Gathering Your Sources

Sometimes I have to stop in the middle of writing and go: “Wait, how does that work?” It’s all well and good to break a character’s arm, but if you need them to use that arm later on you need to make sure you gave it enough time to heal or have a reason for it healing faster than it should have.

The healing time of injuries is not the only thing you need to be aware of, though with writer’s habits of injuring their characters it is one most used. Other things you may need to be aware of are relevant school systems, organizational setup, criminal investigations, basic principles of scientific fields, prices of illegal and military-grade equipment, terminology, current trends, historical events, and due processes.

Also, remember to keep things straight and double-check your facts or you might make mistakes. I once accidentally gave a character a physical trait associated with the Japanese Yakuza instead of the Chinese Triad they were actually from. I had the two mixed up and did not double-check the information. This was also a defining physical trait, so lots of rewrites were needed.

Compare Others To Yourself

Yes. I am telling you to compare yourself to others technically, which is usually a big no-no, but I am telling you to do it in a positive way. Find people who have done something similar to what you want to do and figure out what you do not like about their version. Review what you believe worked and what was left unexplored.

For example, let’s say I want to write about monster hunting siblings road tripping across the US for NaNoWriMo. During my Preptober, I would watch a few episodes and read summaries of Supernatural, a TV series with a similar concept, or maybe I have already watched it. I have actually watched most of it … many, many seasons – so let’s move on.

What I Disliked: Despite the introduction of many characters, these characters were often killed and abandoned to refocus on the Winchester brothers. They overly focused on Christen Mythos and gave a less than stellar representation to none Christian religion and mythos.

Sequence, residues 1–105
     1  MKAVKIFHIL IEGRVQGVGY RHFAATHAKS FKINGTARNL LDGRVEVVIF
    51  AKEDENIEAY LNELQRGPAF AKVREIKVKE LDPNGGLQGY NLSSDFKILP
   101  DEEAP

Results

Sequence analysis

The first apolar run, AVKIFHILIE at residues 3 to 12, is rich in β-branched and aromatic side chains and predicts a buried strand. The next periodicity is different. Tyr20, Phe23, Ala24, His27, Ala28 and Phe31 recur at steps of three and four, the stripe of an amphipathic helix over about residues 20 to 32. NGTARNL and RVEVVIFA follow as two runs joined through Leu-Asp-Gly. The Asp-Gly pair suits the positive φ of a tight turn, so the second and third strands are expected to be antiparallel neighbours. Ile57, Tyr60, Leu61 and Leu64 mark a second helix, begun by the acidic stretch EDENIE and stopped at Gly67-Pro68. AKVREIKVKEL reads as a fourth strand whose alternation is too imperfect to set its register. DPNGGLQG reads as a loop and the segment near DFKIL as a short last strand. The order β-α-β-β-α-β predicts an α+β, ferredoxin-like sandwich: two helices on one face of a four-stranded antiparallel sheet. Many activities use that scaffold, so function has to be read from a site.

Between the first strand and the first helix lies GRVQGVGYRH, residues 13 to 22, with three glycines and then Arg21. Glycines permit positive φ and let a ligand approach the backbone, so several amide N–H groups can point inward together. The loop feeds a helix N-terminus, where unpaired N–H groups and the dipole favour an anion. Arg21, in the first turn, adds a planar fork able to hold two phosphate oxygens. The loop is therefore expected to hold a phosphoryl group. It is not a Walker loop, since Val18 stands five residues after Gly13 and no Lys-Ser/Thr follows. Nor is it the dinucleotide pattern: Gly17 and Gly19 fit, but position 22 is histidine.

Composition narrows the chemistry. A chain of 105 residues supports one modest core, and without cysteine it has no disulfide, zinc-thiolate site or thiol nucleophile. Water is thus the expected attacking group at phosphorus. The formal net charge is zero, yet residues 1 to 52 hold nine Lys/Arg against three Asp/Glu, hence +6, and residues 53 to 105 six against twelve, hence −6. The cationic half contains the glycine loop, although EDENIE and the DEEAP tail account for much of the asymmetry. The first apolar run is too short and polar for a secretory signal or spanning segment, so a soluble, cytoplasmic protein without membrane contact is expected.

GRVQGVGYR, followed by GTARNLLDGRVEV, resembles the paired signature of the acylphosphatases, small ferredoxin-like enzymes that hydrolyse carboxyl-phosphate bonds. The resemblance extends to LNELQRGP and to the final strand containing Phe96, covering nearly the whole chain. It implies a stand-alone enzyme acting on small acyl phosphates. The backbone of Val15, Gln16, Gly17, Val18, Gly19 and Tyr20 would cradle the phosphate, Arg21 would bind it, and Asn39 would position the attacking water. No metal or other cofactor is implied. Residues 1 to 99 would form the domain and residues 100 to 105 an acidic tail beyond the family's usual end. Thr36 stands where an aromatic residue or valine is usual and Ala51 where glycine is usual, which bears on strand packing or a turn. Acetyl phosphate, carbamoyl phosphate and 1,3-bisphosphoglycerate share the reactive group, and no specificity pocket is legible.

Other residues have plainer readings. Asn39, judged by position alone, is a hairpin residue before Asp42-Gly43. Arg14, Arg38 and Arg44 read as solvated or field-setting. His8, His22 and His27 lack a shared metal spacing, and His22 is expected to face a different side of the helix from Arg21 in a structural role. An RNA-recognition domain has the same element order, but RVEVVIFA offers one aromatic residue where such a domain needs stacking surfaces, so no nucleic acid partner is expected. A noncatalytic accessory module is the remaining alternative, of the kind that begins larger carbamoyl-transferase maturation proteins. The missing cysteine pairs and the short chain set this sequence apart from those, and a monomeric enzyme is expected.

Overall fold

What I Like: The community of hunters from the early seasons, the various characters that had powers like Sam in the first season were interesting and the ghost stories were well made to the point they seemed like they would fit into the real world. The spin on Bloody Mary was a good concept, as were people’s reactions to the ‘end of days’ events from the bible.

What Was Underused: There were cool concepts in regards to the gray morality of a handful of the demons and angels introduced that never really expanded to others. Some monsters of the week were underused, as was the Horseman Death, and his grim reapers who were only really used to add some spice.

From this, I know I want to have a story that focuses more on the community of these monster hunters and the world’s reactions to the monsters when they appear. I want to focus on urban legends and mythos, other than Christianity, but ‘end of days’ events from the bible still interest me.

I could use the one episode where various gods met together to object to God and the Devil being the ones to end the world when they have just as much right to. I could have my siblings’ team up with their monster hunting community of various backgrounds, to talk down these pantheons from ending the world while dealing with the pre-apocalypse events.

Here you can see despite using an episode of Supernatural as my basic idea, I was able to come up with a vastly different execution for the story.

You might find this helps you, or you may find your own methods or someone else’s works better. Tale Foundry’s  Matryoshka Method is still good even if it does not work for you. I encourage you to share what does on  Twitter with the hashtags #preptober2020 and #WiseWordsPreptober over on Twitter! Remember to keep an eye on the Preptober & Nanowrimo category for part 3 of Preptober!